QUOTE
No, for a resistive load the power ratio is always equal to the square of the amplitude ratio. This is true for sinusoids and other wave shapes as well.


Please give me more time to focus the whole question. Also I can check witch definition is used by some popular electronic CAD.

btw, when you talk about "resistive load" you are referring to a linear system, while THD is in essence a measure of the non-linearity of a system.


A "resistive load" is a linear system, but a linear system is not necessarily resisitive. Loads with capacitive and inductive components are linear too. Active components such as transistors can introduce nonlinearity. In a linear system, if input X1(t) gives output Y1(t), and input X2(t) gives output Y2(t), then input A*X1(t) + B* X2(t) gives output A*Y1(t) + B*Y2(t); that is, output scales directly with input and superposition holds.

In AC terms, that means a pure sinusoidal input yields a pure sinusoidal output of the same frequency. In a resistive load, the phase will be the same. With a reactive component (capacitor or inductor), the phase will shift and the circuit will react differently to different frequencies, but it will still be linear.

However, THD is indeed a measure of nonlinearity.

QUOTE (uart @ Jan 1 2007, 03:13) *
The ratio between the squares of amplitudes of a square wave and a sinusoid it is not equal to the ratio of their power... think what can happens if their amplitude is equal!


Actually, it is. Let's assume we have a resistive load to avoid dealing with complex numbers and phase differences. Then P = V^2/R. So (P1)^2 / (P2)^2 = ((V1)^2/R) / ((V2)^2/R) = ((V1)^2)/((V2)^2) = ((V1)/(V2))^2. Still not satisfied? Consider your objection. What if amplitudes A and B are equal? Then (A^2/B^2) = (A/B)^2; with A = B, (A^2/A^2) = (A/A) = 1; (A/A)^2 = 1^2 = 1. Just what you'd expect.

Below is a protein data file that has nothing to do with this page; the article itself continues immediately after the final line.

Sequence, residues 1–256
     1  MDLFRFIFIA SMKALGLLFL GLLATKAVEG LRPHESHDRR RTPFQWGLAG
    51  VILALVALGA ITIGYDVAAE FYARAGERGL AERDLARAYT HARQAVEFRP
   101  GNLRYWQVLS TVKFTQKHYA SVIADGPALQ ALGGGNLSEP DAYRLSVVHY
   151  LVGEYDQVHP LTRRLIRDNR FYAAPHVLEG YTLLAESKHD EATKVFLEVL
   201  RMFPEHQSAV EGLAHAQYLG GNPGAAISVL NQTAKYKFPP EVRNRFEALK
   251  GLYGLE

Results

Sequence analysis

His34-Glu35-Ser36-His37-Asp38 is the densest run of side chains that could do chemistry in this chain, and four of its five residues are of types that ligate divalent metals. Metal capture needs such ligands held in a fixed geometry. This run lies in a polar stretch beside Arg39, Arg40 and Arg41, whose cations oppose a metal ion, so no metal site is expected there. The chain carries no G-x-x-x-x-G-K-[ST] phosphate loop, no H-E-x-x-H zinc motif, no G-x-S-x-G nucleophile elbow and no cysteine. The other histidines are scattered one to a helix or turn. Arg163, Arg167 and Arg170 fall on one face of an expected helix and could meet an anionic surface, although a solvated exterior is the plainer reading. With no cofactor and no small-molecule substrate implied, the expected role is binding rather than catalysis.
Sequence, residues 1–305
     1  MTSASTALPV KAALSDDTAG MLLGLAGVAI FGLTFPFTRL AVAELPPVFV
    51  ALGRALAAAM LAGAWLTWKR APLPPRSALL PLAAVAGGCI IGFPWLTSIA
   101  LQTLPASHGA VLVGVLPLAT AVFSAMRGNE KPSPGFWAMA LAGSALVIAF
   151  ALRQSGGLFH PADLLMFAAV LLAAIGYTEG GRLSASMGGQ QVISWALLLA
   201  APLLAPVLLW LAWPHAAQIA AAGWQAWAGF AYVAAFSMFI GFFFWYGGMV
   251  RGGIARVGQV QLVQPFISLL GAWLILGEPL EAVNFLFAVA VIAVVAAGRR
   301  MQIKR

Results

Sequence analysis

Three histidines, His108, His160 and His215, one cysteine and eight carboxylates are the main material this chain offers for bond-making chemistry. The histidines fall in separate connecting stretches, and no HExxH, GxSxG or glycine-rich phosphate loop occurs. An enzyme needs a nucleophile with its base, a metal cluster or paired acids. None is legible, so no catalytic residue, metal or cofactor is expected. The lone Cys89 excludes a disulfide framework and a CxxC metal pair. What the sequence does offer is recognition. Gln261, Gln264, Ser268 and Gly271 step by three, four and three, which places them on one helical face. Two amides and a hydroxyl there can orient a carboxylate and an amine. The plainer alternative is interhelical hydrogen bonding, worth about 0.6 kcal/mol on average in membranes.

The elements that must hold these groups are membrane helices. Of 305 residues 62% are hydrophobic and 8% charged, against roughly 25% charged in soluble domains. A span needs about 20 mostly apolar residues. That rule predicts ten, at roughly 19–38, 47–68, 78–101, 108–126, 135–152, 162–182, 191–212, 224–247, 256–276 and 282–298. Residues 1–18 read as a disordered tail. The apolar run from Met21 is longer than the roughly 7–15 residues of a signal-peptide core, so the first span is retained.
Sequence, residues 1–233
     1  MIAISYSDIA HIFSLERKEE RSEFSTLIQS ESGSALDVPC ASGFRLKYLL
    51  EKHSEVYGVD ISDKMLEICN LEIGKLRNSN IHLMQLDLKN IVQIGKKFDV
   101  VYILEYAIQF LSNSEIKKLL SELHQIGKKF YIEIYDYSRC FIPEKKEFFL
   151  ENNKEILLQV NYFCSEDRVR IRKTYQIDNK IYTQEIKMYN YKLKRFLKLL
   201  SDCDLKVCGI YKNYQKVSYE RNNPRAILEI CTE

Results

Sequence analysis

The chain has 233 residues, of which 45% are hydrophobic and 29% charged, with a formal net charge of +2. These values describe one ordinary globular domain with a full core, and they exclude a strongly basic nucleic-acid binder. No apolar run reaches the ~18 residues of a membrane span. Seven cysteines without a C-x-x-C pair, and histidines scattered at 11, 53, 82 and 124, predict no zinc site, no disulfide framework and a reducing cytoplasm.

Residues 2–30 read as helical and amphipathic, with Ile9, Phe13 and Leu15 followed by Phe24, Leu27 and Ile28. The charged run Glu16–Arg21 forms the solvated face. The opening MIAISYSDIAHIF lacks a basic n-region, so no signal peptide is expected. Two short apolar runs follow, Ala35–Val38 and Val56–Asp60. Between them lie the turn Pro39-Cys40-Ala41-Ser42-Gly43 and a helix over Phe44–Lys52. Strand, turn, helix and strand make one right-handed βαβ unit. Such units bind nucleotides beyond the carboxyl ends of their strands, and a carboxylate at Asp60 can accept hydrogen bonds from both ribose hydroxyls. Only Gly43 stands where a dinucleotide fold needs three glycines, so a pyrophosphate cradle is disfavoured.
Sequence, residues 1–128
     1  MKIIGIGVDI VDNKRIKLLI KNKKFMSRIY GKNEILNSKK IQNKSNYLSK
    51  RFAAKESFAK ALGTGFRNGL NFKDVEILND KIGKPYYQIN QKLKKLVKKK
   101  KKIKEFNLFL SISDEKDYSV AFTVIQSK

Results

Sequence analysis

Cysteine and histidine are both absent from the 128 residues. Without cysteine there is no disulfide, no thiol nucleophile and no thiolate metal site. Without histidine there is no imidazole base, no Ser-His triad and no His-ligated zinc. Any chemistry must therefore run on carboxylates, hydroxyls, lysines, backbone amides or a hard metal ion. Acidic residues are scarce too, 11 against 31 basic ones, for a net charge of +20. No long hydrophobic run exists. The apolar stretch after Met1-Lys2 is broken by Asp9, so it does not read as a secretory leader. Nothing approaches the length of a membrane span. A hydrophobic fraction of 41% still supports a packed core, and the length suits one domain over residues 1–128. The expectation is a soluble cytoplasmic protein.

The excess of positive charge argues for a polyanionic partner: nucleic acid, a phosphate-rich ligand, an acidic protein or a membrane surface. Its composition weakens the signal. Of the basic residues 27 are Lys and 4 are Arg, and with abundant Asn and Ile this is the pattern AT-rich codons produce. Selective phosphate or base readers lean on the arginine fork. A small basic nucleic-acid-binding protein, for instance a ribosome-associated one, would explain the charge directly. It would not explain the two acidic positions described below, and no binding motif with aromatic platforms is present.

QUOTE (uart @ Jan 1 2007, 03:13) *
This is the reason because I don't understand the sense of using "amplitudes". However, there is a relationship between the square of the amplitudes of the harmonics and the power of the signal, and this can be used to define the THD using the amplitude of the harmonics... but I'm getting confused, I think I need to go over the Parseval theorem.


Wikipedia tells you that the most common way to calculate THD is in terms of a power ratio, but that when calculating % THD for audio applications it's more common to use amplitude ratio. I guess that's true. Stupid conventions. Anyway, if you express it in decibels, it's the same. Why? Suppose again you have amplitudes A and B. There are different formulas for decibels in amplitude ratios and power ratios. For amplitude ratio A/B, dB = 20log(A/B) (where log is log base 10). But for a power ratio, it is 10log(P1/P2). This takes care of the square. See it? 10log(P1/P2) = 10log(A^2/B^2) = 10log((A/B)^2) = 10*2log(A/B) = 20log(A/B).
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Mercurio
post Jan 1 2007, 20:40
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QUOTE
A "resistive load" is a linear system, but a linear system is not necessarily resisitive.

Yup of course

QUOTE
QUOTE

The ratio between the squares of amplitudes of a square wave and a sinusoid it is not equal to the ratio of their power... think what can happens if their amplitude is equal!


Actually, it is. Let's assume we have a resistive load to avoid dealing with complex numbers and phase differences. Then P = V^2/R. So (P1)^2 / (P2)^2 = ((V1)^2/R) / ((V2)^2/R) = ((V1)^2)/((V2)^2) = ((V1)/(V2))^2.


I'm very sorry, I meant average power, because the instantaneous power is rarely used in signal analysis, and the average power is often the power of interest in AC circuits.



This definition can be extended for non-periodic signals.
For a resistive load, it becomes:


Also all definitions you can find about THD certainly imply the average power. If you use the instantaneous power ("or instantaneous amplitude") you will find a THD as a function of the time!

(the page on wikipedia about THD is very confusing! there is a mix of Vrms, Vmax, P average and so on that use the same letters in the mathematical formulas!)

This post has been edited by Mercurio: Jan 1 2007, 20:50
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Mercurio
post Jan 1 2007, 21:49